Coal India, the second-largest government-owned company, has witnessed a steep slump in its stock price
Coal India fell by 4% thereby, closing at Rs 285, the lowest price ever to be listed by the company on the Bombay Stock Exchange (BSE) on Thursday, July 11, 2013. On account of this low share price, Coal India is on a verge of another disinvestment. It has already been battling issues like slow coal production and a fall in the coal prices in the international market.
Coal India, the world’s largest coal miner have had a slow market performance in the last few weeks. The shares of the company have anticipated a downturn of 6.2% in last one week. The company missed its production estimates and is far behind its targets both for June and the first quarter of the current fiscal.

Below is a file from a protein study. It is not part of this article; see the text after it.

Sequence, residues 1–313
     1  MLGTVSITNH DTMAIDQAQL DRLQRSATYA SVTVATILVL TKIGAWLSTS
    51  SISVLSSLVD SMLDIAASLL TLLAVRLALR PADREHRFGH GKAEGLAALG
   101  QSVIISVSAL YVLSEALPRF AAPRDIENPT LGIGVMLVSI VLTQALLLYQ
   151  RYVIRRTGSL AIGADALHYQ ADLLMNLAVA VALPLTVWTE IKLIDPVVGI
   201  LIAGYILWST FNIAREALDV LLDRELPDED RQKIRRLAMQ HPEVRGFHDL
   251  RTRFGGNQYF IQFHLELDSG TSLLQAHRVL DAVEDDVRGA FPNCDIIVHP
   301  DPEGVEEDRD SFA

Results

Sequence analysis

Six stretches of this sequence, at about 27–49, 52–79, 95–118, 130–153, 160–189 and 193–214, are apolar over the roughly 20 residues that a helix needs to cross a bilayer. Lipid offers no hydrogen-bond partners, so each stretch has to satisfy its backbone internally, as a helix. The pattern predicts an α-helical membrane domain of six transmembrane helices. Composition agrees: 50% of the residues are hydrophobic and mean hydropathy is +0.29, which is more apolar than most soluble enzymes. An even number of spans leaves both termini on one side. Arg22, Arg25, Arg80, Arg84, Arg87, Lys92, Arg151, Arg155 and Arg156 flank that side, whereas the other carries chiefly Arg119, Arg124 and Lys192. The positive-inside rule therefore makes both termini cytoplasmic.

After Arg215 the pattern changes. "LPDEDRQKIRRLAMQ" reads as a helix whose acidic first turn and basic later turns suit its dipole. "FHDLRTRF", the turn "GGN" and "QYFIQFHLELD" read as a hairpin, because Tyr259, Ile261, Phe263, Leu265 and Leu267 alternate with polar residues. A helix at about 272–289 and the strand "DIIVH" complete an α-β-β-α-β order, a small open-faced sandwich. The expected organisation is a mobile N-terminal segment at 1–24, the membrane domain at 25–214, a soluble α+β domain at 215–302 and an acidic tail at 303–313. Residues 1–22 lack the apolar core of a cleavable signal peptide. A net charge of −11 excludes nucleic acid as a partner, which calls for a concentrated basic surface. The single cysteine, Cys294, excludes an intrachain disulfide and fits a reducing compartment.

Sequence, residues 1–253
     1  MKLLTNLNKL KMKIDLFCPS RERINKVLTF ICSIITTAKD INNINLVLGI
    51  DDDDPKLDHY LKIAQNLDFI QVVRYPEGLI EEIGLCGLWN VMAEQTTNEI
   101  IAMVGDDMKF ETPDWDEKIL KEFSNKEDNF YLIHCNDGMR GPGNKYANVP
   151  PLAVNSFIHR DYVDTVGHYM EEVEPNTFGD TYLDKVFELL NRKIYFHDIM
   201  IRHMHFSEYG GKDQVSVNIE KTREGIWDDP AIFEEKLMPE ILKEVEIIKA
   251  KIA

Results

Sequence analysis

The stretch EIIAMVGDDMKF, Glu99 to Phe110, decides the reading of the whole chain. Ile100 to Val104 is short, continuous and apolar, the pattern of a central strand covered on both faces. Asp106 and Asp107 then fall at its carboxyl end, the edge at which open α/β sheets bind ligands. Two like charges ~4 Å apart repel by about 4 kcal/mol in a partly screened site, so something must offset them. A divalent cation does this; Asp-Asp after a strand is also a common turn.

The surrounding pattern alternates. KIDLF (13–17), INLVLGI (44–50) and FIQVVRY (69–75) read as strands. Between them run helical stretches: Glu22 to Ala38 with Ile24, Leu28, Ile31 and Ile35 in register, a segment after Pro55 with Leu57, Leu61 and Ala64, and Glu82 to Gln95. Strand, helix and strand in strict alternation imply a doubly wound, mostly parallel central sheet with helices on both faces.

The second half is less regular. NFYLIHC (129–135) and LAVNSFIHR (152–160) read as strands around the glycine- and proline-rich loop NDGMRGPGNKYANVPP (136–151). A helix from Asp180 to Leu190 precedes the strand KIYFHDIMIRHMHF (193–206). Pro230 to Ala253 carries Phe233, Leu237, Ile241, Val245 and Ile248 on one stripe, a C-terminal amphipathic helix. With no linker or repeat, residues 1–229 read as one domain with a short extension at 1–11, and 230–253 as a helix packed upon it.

“The government’s intention to consider stake sale in Coal India has led to a correction in the stock price. Given the issue size, which could be as big as US$ 4 billion ( Rs 24,000 crore), we think the government may announce reform measures ahead of the stake sale,” said Pankaj Sharma, analyst at UBS.
However, the company’s production was not so appreciating over the years. The company has recorded a growth of 0.4% year-on-year (y-o-y) amounting to 102.8 MnT in the April-June quarter. The target to be achieved by the company was about 106.8 MnT in the same period. The subsidiaries of Cola India, Northern Coalfields (NCL) and Mahanadi Coalfields (MCL) have added to the production loss incurred by the company.
“Data suggests spot coal volumes were down by 7%, and prices in this segment were down 20% during April-May. We expect profits to fall 11% in the April to June quarter (Q1) despite a 6% price hike,” stated Manish Saxena, research analyst at Deutsche Bank.